market, size, and value factors. To compute the ex post*β**FVIX* loadings, we run
equation (6) using monthly frequency data over the whole sample, where the
portfolios on the left-hand side of equation (6) are the quintile portfolios in Table
I that are sorted on past loadings of*β** _{VIX}* using equation (3).

The last column of Table I shows that the portfolios sorted on past*β** _{VIX}*
exhibit strong patterns of post-formation factor loadings on the volatility risk
factor

*FVIX. The ex post*

*β*

*FVIX*factor loadings monotonically increase from

−5.06 for portfolio 1 to 8.07 for portfolio 5. We strongly reject the hypothesis
that the ex post*β**FVIX*loadings are equal to zero, with a*p-value less than 0.001.*

Thus, sorting stocks on past*β** _{VIX}* provides strong, significant spreads in ex
post aggregate volatility risk sensitivities.

^{10}

*B.6. Characterizing the Behavior of FVIX*

Table II reports correlations among the *FVIX factor,* *VIX, and STR, as*
well as correlations of these variables with other cross-sectional factors. We
denote the daily first difference in*VIX asVIX, and use **m**VIX to represent*
the monthly first difference in the*VIX index. The mimicking volatility factor*
is highly contemporaneously correlated with changes in volatility at a daily

9The pre-formation betas and the post-formation betas are computed using different criteria
(VIX and FVIX, respectively). However, Table I shows that the pre-formation β*FVIX*loadings are
almost identical to the pre-formation*β**VIX*loadings.

10When we compute ex post betas using the monthly change in*VIX,**m**VIX, using a four-factor*
model similar to equation (6) (except using*m**VIX in place of FVIX), there is less dispersion in the*
post-formation*m**VIX betas, ranging from*−2.46 for portfolio 1 to 0.76 to portfolio 5, compared to
the ex post*β**FVIX*loadings.

**Table II**

**Factor Correlations**

The table reports correlations of first differences in*VIX, FVIX, and STR with various factors. The*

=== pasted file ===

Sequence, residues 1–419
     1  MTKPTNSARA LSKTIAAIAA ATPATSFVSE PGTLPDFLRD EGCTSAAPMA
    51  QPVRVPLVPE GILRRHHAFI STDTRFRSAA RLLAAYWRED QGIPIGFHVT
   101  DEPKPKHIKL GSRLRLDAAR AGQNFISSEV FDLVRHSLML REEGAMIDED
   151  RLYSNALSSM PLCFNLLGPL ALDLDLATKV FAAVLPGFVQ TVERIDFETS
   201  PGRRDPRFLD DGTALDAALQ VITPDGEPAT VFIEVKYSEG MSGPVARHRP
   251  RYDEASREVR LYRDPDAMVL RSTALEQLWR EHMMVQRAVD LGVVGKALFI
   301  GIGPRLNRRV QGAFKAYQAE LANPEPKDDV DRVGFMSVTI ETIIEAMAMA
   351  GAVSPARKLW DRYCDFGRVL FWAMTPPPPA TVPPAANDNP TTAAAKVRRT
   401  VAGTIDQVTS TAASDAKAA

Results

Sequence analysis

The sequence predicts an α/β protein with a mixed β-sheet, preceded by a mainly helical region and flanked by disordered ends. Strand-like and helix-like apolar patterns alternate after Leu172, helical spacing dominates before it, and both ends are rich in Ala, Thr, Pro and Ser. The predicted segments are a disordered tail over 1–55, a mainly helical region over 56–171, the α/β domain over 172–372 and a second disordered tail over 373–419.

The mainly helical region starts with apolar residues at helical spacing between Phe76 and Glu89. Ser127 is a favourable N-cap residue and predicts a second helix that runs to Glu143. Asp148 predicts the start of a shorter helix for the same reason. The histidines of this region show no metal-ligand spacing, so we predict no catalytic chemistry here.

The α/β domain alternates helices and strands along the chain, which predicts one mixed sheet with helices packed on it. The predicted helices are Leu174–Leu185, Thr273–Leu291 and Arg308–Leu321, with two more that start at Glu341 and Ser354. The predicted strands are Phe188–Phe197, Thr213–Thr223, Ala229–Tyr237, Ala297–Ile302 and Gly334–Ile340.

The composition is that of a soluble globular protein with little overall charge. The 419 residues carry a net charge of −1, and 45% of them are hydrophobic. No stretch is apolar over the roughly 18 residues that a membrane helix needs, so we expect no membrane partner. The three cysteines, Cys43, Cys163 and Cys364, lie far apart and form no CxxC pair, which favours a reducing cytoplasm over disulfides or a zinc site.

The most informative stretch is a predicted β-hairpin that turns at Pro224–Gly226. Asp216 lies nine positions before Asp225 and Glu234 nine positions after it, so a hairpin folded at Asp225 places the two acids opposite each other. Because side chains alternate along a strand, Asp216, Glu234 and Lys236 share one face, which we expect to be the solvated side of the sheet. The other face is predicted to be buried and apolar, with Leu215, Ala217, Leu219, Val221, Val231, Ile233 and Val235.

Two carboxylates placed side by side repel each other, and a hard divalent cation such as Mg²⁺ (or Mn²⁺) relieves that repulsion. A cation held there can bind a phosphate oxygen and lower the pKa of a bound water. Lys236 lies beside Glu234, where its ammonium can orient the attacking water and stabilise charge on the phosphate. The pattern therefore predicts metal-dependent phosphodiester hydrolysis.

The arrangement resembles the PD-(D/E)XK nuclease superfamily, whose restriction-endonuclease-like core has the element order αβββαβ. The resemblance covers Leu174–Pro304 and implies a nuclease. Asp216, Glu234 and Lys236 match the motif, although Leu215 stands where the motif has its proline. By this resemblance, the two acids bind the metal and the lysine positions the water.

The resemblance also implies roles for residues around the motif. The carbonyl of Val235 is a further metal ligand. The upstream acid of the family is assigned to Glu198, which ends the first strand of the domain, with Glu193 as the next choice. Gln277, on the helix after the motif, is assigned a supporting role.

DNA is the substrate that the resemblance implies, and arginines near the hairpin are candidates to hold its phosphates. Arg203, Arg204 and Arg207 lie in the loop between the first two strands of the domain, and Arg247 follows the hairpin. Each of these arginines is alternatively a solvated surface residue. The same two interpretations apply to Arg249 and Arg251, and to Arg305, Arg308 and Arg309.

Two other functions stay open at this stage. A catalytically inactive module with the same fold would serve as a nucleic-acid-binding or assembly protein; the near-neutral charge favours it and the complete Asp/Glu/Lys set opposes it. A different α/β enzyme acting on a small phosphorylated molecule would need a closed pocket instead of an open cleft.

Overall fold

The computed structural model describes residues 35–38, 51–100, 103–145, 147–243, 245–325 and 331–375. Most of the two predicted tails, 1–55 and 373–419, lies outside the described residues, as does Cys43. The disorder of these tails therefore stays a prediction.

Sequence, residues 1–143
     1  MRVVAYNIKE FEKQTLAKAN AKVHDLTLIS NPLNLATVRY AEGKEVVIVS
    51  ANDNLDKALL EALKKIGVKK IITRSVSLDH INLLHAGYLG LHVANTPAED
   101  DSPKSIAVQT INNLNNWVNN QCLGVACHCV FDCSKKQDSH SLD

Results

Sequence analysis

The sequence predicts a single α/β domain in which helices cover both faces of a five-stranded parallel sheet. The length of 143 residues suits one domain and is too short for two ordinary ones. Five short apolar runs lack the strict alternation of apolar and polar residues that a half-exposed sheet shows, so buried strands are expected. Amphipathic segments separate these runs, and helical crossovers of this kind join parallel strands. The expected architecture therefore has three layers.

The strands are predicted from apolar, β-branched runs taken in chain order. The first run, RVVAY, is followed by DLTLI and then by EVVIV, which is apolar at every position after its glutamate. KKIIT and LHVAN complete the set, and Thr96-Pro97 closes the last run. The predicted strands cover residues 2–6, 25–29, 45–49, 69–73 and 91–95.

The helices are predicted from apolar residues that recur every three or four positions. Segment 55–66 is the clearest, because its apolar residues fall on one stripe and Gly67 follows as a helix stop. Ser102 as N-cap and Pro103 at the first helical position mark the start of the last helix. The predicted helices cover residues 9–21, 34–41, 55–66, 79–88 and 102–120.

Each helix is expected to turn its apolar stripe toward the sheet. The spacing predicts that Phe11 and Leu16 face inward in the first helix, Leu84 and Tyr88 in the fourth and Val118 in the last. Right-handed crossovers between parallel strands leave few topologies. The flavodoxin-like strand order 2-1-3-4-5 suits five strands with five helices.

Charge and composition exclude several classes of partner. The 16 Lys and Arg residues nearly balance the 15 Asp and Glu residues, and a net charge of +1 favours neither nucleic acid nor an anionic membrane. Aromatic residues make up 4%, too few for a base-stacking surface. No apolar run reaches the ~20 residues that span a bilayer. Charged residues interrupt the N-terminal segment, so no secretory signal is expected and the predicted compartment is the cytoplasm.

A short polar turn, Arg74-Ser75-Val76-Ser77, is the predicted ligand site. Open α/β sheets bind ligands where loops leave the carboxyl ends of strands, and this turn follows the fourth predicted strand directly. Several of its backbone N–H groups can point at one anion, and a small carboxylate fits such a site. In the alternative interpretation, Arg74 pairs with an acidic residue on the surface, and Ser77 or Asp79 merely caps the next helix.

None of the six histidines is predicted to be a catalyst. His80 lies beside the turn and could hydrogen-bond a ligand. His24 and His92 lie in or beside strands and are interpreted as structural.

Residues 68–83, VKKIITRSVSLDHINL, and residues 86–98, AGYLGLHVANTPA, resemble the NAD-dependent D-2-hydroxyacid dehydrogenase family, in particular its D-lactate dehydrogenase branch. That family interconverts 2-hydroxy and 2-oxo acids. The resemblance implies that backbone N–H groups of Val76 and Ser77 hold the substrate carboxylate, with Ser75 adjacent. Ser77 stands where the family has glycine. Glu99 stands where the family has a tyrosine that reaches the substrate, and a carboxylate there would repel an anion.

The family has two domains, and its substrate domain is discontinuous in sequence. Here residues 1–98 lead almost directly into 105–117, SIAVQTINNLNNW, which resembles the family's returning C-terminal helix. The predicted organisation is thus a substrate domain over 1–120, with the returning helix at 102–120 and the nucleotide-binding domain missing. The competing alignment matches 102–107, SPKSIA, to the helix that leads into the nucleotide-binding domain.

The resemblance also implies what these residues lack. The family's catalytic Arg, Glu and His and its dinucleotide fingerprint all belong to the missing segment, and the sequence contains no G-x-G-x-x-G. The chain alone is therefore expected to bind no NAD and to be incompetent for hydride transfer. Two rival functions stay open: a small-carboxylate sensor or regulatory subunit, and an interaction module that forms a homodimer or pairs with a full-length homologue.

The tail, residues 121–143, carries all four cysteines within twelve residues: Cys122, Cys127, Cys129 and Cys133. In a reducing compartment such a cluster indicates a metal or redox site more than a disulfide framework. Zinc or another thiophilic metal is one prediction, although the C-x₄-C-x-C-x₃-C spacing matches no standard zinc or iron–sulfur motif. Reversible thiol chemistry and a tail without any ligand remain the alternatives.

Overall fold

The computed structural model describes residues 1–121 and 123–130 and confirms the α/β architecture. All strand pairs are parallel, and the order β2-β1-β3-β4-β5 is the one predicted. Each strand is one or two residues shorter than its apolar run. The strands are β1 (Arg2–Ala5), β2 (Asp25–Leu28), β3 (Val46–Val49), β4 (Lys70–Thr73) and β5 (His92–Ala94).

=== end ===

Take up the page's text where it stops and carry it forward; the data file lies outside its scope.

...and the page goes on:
variable*VIX (**m**VIX) represents the daily (monthly) change in the VIX index, and FVIX is the*
mimicking aggregate volatility risk factor. The factor*STR is constructed by Coval and Shumway*
(2001) from the returns of zero-beta straddle positions. The factors*MKT, SMB, HML are the Fama*
and French (1993) factors, the momentum factor*UMD is constructed by Kenneth French, and*
*LIQ is the P ´astor and Stambaugh (2003) liquidity factor. The sample period is January 1986 to*
December 2000, except for correlations involving*STR, which are computed over the sample period*
January 1986 to December 1995.

Panel A: Daily Correlation

*VIX*

*FVIX* 0.91

Panel B: Monthly Correlations

*FVIX* *m**VIX* *MKT* *SMB* *HML* *UMD* *LIQ*

*m**VIX* 0.70 1.00 −0.58 −0.18 0.22 −0.11 −0.33

*FVIX* 1.00 0.70 −0.66 −0.14 0.26 −0.25 −0.40

*STR* 0.75 0.83 −0.39 −0.39 0.08 −0.26 −0.59

frequency, with a correlation of 0.91. At the monthly frequency, the correlation
between*FVIX and**m**VIX is lower, at 0.70. The factors FVIX and STR have a*
high correlation of 0.83, which indicates that*FVIX, formed from stock returns,*
behaves like the*STR factor constructed from option returns. Hence, FVIX cap-*
tures option-like behavior in the cross-section of stocks. The factor *FVIX is*
negatively contemporaneously correlated with the market return (−0.66), re-
f lecting the fact that when volatility increases, market returns are low. The
correlations of*FVIX with SMB and HML are*−0.14 and 0.26, respectively. The
correlation between*FVIX and UMD, a factor capturing momentum returns, is*
also low at−0.25.

In contrast, there is a strong negative correlation between *FVIX and the*